Based on the West Coast near Palo Alto, it is over the phone that The Eye of Jewelry first connected with a legend in the jewelry industry. We had the pleasure to interview Stephen Silver, the man who sold the Pink Promise, a 14.93 carat Fancy Vivid Pink Diamond sold for $32’163’932 at the Christies’ Hong Kong Auction last November. A world record.
If we were to describe the man who spent the last 35 years in building his reputation as an eminent gemologist, diamonteer and philanthropist it would be hard to know where to start. Putting his fascination for stones on the side, Stephen Silver loves wine, French and Italian food. He is also an avid collector of MB&F watches ; he and his son opened a successful store of independent watch brands in Menlo Park, CA and loves to relax on Mexican beaches. It is over a dinner during the annual Basel fair that we had the chance to put a face on the name of a man whose life is driven by faceted challenges.
HOW DID NOV 28th, 2017 CHANGE YOUR LIFE ?
It did not! I admit that it was an exciting day as it marked the end of a three-year project but my life actually changed when I first acquired the stone! I don’t usually focus on the sale but more on the project in doing the work. The Pink Promise was the biggest financial project I have ever worked on.
WHAT DOES IT FEEL TO HAVE YOUR NAME ASSOCIATED TO A WORLD RECORD ?
It’s fun ! But as a gemologist the feeling is more towards what this record brought to the company in terms of experience, especially considering how much time we spent on it. It’s a very interesting and mental process I need to go through. There is absolutely nothing else that I can focus my mind on. We breathe again only when the project is over!
WHY DO YOU THINK THE PRICE OF THE PINK PROMISE REACHED FAR HIGHER THAN EXPECTED WITH COMPARABLE PINK DIAMONDS ?
The results of the auction were pretty good. It was the finest Pink Diamond in terms of color and intensity. No other Pink Diamond had ever hit the market in recent or even past history… but I was expecting a little more momentum. I guess that’s the risk you take at putting anything into auction.
WHY DID YOU CONSIDER THE PINK PROMISE A LUCRATIVE GAMBLE ?
We knew we could improve it: and that’s what we do. I saw a beautiful shaped stone: absolutely magnificent, the most elegant pink diamond I have ever seen. The symmetry and the color were way off on the side of the stone. We did not know if we could improve it up to a solid Vivid. We had to have numerous discussions before cutting it. But when I bought the stone, we did not have the luxury to get the GIA’s opinion. The risk whether we could success or not was limited!
WHY DID YOU DECIDE TO SET THE STONE INTO A RING INSTEAD OF KEEPING IT A LOOSE STONE ?
The oval shape of the Pink Diamond was the perfect size for something that represents extreme rarity. In the process of selling it, two things have to be put in consideration: the collector and the recipient. The Pink Promise embodied the « perfect scenario » where somebody could buy an asset that reflects the ultimate in that category. Since my wife’s ring size is a 7, I made sure it was smaller: we made it a 6 ½ shank size. ☺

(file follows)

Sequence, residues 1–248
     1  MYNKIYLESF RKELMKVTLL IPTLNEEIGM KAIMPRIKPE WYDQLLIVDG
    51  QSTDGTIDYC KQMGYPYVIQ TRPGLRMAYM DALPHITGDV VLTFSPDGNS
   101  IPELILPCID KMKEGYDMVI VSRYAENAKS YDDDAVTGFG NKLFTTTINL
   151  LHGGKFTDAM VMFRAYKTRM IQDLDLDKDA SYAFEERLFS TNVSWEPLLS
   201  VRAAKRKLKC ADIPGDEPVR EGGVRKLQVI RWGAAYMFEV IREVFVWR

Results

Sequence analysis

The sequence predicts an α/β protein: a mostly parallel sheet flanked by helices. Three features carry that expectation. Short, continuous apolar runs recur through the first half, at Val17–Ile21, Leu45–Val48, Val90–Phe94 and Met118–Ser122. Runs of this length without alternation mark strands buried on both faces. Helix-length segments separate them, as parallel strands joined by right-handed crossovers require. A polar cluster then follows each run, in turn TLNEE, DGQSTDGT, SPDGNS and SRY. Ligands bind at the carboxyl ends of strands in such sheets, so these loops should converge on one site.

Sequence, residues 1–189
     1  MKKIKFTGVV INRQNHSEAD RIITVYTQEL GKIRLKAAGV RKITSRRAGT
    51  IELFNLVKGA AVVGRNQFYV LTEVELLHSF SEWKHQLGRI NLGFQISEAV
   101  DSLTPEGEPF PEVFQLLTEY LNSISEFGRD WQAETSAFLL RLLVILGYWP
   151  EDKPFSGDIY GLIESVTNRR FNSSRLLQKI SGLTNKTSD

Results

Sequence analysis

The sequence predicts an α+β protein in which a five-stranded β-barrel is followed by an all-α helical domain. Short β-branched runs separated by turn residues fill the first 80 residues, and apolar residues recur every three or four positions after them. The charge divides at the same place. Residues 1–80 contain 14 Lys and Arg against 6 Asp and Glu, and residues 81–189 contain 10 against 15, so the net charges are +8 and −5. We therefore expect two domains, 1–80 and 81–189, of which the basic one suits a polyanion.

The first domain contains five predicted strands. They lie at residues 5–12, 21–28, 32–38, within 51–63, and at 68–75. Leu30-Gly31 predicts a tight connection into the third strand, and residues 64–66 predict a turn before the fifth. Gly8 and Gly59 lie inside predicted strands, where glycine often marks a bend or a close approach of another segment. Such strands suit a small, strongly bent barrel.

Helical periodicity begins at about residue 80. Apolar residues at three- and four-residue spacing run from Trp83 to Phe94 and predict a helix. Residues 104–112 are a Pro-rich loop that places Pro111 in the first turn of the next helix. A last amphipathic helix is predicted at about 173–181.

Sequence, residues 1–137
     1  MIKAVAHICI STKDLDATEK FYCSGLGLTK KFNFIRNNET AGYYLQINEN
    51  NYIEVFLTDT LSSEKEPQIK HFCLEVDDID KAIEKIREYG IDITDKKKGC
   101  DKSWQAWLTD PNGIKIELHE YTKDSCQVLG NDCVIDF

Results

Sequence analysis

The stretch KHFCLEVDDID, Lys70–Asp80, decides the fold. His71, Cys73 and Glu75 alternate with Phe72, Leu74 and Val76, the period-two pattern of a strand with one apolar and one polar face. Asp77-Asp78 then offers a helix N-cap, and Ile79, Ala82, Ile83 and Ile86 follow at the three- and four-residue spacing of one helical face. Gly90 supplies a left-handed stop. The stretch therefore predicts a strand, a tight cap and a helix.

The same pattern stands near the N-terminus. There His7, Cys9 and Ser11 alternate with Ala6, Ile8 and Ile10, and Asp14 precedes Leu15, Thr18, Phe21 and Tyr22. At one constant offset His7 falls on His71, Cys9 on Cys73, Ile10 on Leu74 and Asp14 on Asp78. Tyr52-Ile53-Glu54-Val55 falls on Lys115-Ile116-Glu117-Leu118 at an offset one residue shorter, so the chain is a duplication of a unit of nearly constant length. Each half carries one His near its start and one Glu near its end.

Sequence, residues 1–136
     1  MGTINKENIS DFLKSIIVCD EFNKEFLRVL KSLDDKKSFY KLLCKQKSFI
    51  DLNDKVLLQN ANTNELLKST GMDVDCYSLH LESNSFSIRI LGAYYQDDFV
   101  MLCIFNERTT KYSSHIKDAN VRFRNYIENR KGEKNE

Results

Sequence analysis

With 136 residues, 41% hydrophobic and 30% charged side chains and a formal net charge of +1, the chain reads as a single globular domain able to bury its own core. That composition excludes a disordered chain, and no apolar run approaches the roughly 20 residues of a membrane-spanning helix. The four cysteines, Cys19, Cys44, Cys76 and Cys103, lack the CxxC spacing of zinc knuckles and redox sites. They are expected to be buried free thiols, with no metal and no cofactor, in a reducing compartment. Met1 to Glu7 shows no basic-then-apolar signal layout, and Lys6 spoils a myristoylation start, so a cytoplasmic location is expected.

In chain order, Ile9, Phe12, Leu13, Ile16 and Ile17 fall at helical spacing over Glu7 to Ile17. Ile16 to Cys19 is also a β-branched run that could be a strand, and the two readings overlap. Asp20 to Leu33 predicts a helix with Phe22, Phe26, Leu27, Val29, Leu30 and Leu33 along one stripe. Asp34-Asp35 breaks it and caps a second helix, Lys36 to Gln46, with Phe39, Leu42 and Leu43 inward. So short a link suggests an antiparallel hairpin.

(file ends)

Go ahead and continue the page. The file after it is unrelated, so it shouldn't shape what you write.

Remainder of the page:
YOU HAD MEASURED THE RISKS BEFORE STARTING TO RE-CUT THE STONE : WHAT WAS THE MOST UNEXPECTED CHALLENGE YOU FACED OVER THE 2 YEARS CUTTING PROCESS ?
What happens when you put the stone on the wheel is that you know within the first 2 or 3% of the cutting (aka the carat weight we loose):we know in which direction we are going! It’s typical for any recut. It’s only when putting the big facets of the stone and moving them in different ways that you know how it’s going to react, and you can’t know before doing it. Prior to that exercise and thanks to advanced technologies, we are able to calculate the angles, the light reflection and colors intensities of the stone. Even with that knowledge, you need the experience! Bottom line: it was very risky.
Considering that the Pink Promise was a Type IIa (aka deprived almost entirely of inclusions & impurities), the diamond was way more difficult to cut, slowing down the cutting process. The oval cut is the most complicated to shape! In the middle of the cutting process, we got stuck, and that’s when the GIA stepped in. It turned out to be very instrumental and the collaboration was very positive although frustrating from time to time. The second challenge forced me to make a critical decision: dropping the stone below 15 carats. It was the hardest decision ever in order to get the color we wanted, but thankfully, the intensity of color came out exactly the way I wanted… in the last 15% !
WHAT IF THE RE-CUT HAD FAILED: WHO WOULD BE TO BLAME?
Once it’s done, you can’t do anything about it! Because it’s a collaborative event there is not one person that absorbs all the risks. The cutter is everything in the process. The one I chose to work with has a great track record. He is someone I have a lot of history with and many successes in diamond cuts with blue and green.
ONE PIECE OF ADVICE?
If you don’t understand the stone; you can blow it up. The more intense the color, the more stressed the stone is.
ONE LAST WORD ?
The important part of the story is based on respect, confidence and relationship. There has been a lot of players in that story besides me! I was the leader but many people were involved in the project. Without them, the project could not have gone through. I am proud of the result but more proud of the people I am surrounded with. They are the best in the world as much as I am concerned.